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United States Department of Agriculture

Agricultural Research Service

Research Project: Chemistry of Natural Products for Nutraceutical Use, Pest Management and Crop Development

Location: Natural Products Utilization Research

Title: Mentha canadensis L., a subtropical plant can withstand first few fall frost when grown in northern climate

Authors
item Zheljazhov, Valtcho -
item Cantrell, Charles
item Astatkie, Tess -
item Jeliazkova, Ekaterina -

Submitted to: Industrial Crops and Products
Publication Type: Peer Reviewed Journal
Publication Acceptance Date: May 21, 2013
Publication Date: June 1, 2013
Citation: Zheljazhov, V.D., Cantrell, C.L., Astatkie, T., Jeliazkova, E. 2013. Mentha canadensis L., a subtropical plant can withstand first few fall frost when grown in northern climate. Industrial Crops and Products. 49:521-525.

Interpretive Summary: Japanese cornmint (Mentha canadensis L.) is a subtropical essential oil crop grown in Asia and South America. Japanese cornmint is the only commercially feasible source for production of natural menthol, a natural product used in pharmaceutical, food, flavor, and fragrance industries The US is a major importer and consumer of menthol and de-mentholized oil. Currently there is no production of Japanese cornmint in the US. Because Japanese cornmint is considered subtropical plant, an essential first step is to study how early fall frosts would affect its growth, productivity and essential oil quality. Consequently, the objective of this study was to evaluate the effect of harvest dates (HD) in the fall (designed to cover the period of fall frosts) on essential oil content, oil composition, and on the yields of individual oil constituent of two Japanese cornmint genotypes. Results showed that Japanese cornmint can withstand the first few fall frosts and provide good yields with desirable oil composition.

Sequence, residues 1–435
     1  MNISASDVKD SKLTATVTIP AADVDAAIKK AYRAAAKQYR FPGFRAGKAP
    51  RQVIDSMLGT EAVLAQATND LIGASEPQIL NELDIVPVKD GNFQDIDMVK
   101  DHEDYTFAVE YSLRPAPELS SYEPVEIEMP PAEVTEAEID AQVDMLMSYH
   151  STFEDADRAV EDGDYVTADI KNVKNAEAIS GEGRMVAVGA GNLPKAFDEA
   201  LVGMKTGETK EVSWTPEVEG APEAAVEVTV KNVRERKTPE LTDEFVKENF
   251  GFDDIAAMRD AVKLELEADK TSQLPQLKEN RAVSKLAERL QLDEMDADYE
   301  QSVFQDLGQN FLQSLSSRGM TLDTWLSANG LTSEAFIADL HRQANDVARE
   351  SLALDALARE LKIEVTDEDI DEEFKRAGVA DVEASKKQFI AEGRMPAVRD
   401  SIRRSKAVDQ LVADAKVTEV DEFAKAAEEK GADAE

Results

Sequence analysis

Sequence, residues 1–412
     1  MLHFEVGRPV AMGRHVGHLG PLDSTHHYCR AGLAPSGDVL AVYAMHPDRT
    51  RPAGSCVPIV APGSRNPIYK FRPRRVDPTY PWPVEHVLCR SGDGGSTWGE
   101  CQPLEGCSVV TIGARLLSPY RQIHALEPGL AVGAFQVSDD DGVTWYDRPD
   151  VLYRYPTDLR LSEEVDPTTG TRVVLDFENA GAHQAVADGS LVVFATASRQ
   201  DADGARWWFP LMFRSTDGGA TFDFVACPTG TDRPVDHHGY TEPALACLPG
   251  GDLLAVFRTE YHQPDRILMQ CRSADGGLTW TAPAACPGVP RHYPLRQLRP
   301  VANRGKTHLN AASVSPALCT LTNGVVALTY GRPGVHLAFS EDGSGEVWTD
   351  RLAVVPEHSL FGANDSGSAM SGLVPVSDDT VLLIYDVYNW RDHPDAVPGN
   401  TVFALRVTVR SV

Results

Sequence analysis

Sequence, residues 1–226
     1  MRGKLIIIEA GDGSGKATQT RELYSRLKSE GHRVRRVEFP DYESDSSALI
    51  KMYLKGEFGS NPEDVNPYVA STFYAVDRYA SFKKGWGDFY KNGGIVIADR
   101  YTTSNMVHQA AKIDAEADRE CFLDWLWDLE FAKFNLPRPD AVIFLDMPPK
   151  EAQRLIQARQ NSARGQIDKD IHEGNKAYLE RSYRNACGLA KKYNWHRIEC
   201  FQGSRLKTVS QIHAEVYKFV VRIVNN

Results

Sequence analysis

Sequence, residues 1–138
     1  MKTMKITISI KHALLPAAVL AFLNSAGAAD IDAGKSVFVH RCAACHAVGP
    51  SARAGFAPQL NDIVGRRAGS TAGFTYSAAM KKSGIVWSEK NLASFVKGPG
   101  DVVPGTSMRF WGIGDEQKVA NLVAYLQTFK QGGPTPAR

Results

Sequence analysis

Technical Abstract: Japanese cornmint (Mentha canadensis L.) is a subtropical essential oil crop grown in Asia and South America. The essential oil of Japanese cornmint is the only commercial source for production of natural crystalline menthol, an important aromatic agent used in various industrial applications. The US is a major importer and consumer of menthol and de-mentholized oil. Currently there is no production of Japanese cornmint in the US. The objective of this study was to evaluate the effect of harvest dates (HD) in the fall (designed to cover the period of fall frosts) on essential oil content, oil composition, and on the yields of individual oil constituent of two Japanese cornmint genotypes, “Arvenis 2” and “Arvenis 3”. Field experiments were conducted in northern Wyoming (44°45.686’ N and -106°55.479’ W, at elevation of 1,171 m asl). Results showed that Japanese cornmint can withstand the first few fall frosts and provide good yields with desirable oil composition. The oil yields and menthol concentration were highest at Oct 5th HD that was after three light frosts. The light frosts may actually increase menthol concentration in Japanese cornmint oil. Menthol concentration at the Oct 5th HD was around 25% greater than the one in the oil at Sept 14th HD. Under northern Wyoming conditions, “Arvensis 2” can provide greater biomass and oil yields, and oil with greater menthol content than “Arvensis 3”. Japanese mint could be a viable crop for northern latitude (around 44° N).

Last Modified: 9/22/2014
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